Even if you’re not set on staying in full gardener mode, it’s a great time to take a step back and prepare for next year’s growing season. 

Amend soil

Add organic material like compost or yard waste to your garden beds in fall. This is a great time to add materials that take some time to break down in the soil because it’ll have all fall and winter to do so. Allowing your garden to rest is key to healthy soil.

Plant cover crops

Instead of amending your soil with compost, you can also throw some cover crop seeds in the ground and let the plants do the rest! Cover crops add nutrients back into the soil to replace what was needed to grow your fruits, vegetables, and flowers the season before. They also protect your garden soil from the elements through the winter. Want to learn to use cover crops in your own home garden? Check out our post on the subject here.

field of crimson clover in bloom
Photo source: Eden Brothers

Garden cleanup

It’s not the most fun way to spend a Saturday in the fall, but it can be very satisfying to get the garden all cleaned up. And hey, you do get to spend the day outdoors which I think is always a win. Cleaning up the garden is key to avoid different problems in the following spring. Take care of removing diseased plants, dead plant material, and getting your garden supplies all organized. For a full list of tasks, check out our fall garden cleanup checklist.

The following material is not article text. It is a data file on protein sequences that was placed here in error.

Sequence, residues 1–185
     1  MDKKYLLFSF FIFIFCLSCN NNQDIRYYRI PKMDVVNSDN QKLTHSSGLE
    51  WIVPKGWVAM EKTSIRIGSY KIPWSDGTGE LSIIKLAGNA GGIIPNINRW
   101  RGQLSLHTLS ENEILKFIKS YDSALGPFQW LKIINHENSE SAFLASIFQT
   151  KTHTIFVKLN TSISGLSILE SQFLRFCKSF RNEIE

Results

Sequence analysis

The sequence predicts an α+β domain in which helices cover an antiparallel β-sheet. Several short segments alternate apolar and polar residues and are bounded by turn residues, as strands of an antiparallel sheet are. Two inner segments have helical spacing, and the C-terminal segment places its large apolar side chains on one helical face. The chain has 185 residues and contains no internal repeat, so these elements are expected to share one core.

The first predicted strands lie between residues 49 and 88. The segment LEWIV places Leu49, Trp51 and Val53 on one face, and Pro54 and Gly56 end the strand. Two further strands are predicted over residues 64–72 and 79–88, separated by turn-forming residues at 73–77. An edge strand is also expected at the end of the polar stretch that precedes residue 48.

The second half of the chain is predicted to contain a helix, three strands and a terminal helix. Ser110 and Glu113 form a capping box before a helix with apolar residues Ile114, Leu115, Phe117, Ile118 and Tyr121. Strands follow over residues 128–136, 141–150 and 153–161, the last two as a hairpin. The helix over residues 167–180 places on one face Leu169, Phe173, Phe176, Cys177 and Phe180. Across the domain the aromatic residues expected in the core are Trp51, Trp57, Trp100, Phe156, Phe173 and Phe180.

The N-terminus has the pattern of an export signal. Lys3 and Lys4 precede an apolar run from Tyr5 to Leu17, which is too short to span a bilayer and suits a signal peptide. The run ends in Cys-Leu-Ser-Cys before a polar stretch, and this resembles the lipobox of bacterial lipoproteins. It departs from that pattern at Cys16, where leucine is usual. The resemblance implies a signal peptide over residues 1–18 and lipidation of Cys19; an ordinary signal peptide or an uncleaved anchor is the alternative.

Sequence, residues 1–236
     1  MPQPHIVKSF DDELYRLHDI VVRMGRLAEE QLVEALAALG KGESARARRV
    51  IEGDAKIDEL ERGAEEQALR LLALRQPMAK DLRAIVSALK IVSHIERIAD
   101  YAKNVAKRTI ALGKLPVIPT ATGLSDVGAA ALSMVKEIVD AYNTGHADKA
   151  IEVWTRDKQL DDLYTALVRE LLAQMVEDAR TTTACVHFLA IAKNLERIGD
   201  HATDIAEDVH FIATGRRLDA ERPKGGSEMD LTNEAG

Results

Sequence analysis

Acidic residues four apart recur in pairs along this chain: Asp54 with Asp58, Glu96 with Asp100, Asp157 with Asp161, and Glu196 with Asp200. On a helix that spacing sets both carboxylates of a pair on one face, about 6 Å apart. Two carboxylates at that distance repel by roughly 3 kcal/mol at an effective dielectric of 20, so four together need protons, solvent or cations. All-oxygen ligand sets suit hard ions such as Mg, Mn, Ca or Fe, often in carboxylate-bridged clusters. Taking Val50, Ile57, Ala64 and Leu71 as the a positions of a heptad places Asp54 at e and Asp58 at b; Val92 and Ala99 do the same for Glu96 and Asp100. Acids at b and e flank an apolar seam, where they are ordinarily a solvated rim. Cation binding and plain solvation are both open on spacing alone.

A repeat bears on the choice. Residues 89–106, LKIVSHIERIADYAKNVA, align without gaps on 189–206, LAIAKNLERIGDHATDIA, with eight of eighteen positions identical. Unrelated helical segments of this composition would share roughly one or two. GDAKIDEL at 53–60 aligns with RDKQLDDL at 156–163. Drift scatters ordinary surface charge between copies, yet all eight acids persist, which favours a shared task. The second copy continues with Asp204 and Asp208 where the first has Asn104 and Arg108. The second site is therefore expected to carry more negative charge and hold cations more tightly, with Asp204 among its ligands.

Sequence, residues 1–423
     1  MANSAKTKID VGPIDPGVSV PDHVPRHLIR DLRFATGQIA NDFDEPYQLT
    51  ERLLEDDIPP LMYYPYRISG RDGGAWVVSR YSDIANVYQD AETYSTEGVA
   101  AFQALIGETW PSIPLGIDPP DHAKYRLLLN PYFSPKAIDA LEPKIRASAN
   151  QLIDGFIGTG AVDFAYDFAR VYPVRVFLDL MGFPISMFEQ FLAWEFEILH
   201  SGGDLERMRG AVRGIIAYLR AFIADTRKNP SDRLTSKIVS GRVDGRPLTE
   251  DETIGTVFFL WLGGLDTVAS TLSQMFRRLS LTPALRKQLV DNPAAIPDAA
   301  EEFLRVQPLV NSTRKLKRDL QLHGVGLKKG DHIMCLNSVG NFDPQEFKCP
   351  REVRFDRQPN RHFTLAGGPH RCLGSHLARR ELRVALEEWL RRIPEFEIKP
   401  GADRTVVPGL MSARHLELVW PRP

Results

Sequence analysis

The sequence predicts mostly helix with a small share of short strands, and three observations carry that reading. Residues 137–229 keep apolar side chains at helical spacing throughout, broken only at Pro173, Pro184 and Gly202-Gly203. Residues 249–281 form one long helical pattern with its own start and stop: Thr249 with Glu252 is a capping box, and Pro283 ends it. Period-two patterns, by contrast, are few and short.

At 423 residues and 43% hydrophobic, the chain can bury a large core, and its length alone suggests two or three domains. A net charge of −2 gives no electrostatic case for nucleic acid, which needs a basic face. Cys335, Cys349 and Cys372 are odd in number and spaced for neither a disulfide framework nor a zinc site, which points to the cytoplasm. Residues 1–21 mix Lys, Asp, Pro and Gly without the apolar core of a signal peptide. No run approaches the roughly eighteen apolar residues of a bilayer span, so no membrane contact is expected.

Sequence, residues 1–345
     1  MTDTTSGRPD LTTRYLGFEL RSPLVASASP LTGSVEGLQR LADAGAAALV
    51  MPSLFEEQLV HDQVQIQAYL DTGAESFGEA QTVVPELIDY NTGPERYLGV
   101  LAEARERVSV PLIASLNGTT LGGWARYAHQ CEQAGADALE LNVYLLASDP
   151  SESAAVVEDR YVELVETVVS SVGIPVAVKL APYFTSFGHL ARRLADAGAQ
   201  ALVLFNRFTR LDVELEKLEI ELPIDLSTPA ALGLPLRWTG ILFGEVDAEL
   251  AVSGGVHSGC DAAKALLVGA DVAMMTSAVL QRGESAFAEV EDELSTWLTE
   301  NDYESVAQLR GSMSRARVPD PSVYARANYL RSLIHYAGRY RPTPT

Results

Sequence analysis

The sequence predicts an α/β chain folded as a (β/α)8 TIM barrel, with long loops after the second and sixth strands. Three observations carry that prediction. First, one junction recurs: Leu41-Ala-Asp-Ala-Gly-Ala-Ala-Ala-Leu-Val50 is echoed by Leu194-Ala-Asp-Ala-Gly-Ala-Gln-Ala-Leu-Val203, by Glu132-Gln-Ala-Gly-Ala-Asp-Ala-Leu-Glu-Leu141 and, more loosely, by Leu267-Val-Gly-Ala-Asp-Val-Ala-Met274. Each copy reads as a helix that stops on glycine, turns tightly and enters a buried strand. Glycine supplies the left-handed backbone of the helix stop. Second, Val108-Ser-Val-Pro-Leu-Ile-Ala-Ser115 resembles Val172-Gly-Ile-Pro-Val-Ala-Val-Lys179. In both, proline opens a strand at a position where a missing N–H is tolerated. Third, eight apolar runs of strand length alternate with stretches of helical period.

fall garden cleanup - fall leaves

Plant something new

Fall is the ideal time to plant a variety of new landscaping plants in your garden. Whether it’s spring bulbs or a beautiful new tree, use this season to get something new growing!

Fall planted bulbs

You have to be okay with a bit of planning and delayed gratification to grow a beautiful spring bulb garden, but man is it worth it. For a list of our favorite fall planted bulbs, click here. Spoiler alert, my favorite is this gorgeous tulip variety. If you need help with how to plant them, just check out our guide on how to plant spring bulbs in the fall!